When the silver and tin mines of the Erzgebirge, Germany’s Ore Mountain Region of Saxony, began to dry up in the late 1700s, village miners were at a loss to survive. Because lumber was plentiful, they turned to woodcarving and eventually founded a toymaking and national Christmas tradition. Artisans specialized in colorfully attired figures used as candleholders, Nutcrackers, and decorative “Smoking Men.” Each of these figures is an endearing piece of what later became the world’s idea of “German Christmas.”
For the families in the village workshops, the children and adults who sat long hours at benches doing the repetitive work of carving, painting, and assembling, the figures represented the traditional occupations of their neighbors: the forester and hunter who, heading out into the woods, greeted them by name; the itinerant peddlers who brought news and excitement along with goods from neighboring towns; even the poor wood gatherers in the village, who spent the light hours finding and selling firewood for a pittance.
Of course, the most honored was the hardworking miner, who, clothed in his traditional work habit, headed down into the seams in the dark and returned in the dark. The villages of the Erzgebirge were first and foremost mining villages, and the miners were the principal actors in this demanding and dirty work.
The Erzgebirge was a hardscrabble landscape, and 800 years of continuous mining and smelting did not mean that each year was equally productive. As seams were mined out, the surrounding villages became poorer. Mining itself was a strenuous and dangerous profession, demanding workers who were young and strong. In the winter months, it was frequently too cold and wet to work the seams.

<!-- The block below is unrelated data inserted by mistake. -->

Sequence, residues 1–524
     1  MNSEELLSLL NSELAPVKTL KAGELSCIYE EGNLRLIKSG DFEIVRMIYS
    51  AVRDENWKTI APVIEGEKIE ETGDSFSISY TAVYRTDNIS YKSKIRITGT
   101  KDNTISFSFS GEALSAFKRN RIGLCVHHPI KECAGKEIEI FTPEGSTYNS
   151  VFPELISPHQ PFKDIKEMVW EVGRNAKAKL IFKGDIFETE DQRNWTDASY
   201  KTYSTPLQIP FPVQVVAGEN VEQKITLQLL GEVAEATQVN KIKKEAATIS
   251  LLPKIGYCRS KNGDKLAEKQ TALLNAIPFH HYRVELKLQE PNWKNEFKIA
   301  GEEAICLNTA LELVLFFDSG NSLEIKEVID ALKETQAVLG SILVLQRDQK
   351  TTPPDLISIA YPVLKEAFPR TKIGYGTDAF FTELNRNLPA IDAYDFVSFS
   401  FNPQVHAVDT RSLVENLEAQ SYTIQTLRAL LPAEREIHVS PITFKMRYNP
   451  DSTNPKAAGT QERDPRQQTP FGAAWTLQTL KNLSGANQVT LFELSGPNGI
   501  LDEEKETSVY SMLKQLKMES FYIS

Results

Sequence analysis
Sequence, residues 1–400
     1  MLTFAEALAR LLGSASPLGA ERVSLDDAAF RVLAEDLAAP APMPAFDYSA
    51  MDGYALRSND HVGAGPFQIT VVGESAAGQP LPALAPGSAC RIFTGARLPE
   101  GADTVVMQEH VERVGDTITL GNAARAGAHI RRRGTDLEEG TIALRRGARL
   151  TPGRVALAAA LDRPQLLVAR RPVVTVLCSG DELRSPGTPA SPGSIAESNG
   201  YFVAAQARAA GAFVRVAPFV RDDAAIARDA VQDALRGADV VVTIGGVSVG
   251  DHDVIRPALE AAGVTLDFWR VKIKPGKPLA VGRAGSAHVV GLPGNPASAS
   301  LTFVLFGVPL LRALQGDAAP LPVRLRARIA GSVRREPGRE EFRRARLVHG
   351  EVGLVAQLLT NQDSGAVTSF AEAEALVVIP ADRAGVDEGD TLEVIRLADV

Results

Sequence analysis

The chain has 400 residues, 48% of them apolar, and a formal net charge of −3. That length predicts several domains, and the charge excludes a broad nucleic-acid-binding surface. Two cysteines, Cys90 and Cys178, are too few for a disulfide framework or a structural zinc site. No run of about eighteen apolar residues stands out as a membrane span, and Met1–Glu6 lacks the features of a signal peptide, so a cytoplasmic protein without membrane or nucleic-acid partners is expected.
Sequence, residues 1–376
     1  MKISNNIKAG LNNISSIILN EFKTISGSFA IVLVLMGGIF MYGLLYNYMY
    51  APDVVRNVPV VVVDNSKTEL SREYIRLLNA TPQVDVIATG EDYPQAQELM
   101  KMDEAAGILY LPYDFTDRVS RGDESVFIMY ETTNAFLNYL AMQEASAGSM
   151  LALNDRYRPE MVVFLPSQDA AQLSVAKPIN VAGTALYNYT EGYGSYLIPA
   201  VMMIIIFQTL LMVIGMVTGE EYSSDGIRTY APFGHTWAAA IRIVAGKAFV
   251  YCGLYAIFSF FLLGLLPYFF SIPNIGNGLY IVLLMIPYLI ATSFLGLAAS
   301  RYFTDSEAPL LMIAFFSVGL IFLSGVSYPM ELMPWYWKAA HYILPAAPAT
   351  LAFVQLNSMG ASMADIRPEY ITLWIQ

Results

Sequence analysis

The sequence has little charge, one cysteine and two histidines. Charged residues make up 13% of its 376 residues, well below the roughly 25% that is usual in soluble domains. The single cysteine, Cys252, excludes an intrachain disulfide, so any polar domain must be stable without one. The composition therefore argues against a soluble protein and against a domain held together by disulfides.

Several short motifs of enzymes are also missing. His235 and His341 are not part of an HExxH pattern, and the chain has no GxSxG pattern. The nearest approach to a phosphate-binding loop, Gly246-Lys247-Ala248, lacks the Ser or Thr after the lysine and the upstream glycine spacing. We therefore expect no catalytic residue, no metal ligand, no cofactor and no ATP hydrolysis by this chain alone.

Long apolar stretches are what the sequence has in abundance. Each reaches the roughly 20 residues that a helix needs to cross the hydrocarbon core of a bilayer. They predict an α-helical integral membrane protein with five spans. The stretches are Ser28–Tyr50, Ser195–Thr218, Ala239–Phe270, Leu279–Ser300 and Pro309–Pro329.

The villagers retrained themselves to generate income for their families. Using timber from the nearby forests once destined for the mineshafts and the tools in their shops, unemployed miners carved wooden house utensils and small toys. Lathe-turners produced bowls, plates, and other wares to sell. But while the production of toys and Christmas decorations brought in some income, the earnings were not sizeable. Because of the seclusion of the villages and their low living standards, the peddlers who crisscrossed this mountainous region paid little for the wares made in the Erzgebirge workshops. They then sold these products in the more cosmopolitan markets of Leipzig and Nuremberg for a high return.
Through innovations in Reifendrehen, or “wheel-turning,” lathe-turners in villages such as Seiffen developed assembly-line production for home decorations and toys. Individual households enlisted the whole family, forming a production line for turning, detail carving, painting, and then assembling the figures. By transferring the knowledge and skills used in mining and woodcarving into the new career path of toymaker, artisans began to compete in the country’s greater marketplace. Erzgebirge became known as Germany’s “Seifferner Toy Corner.”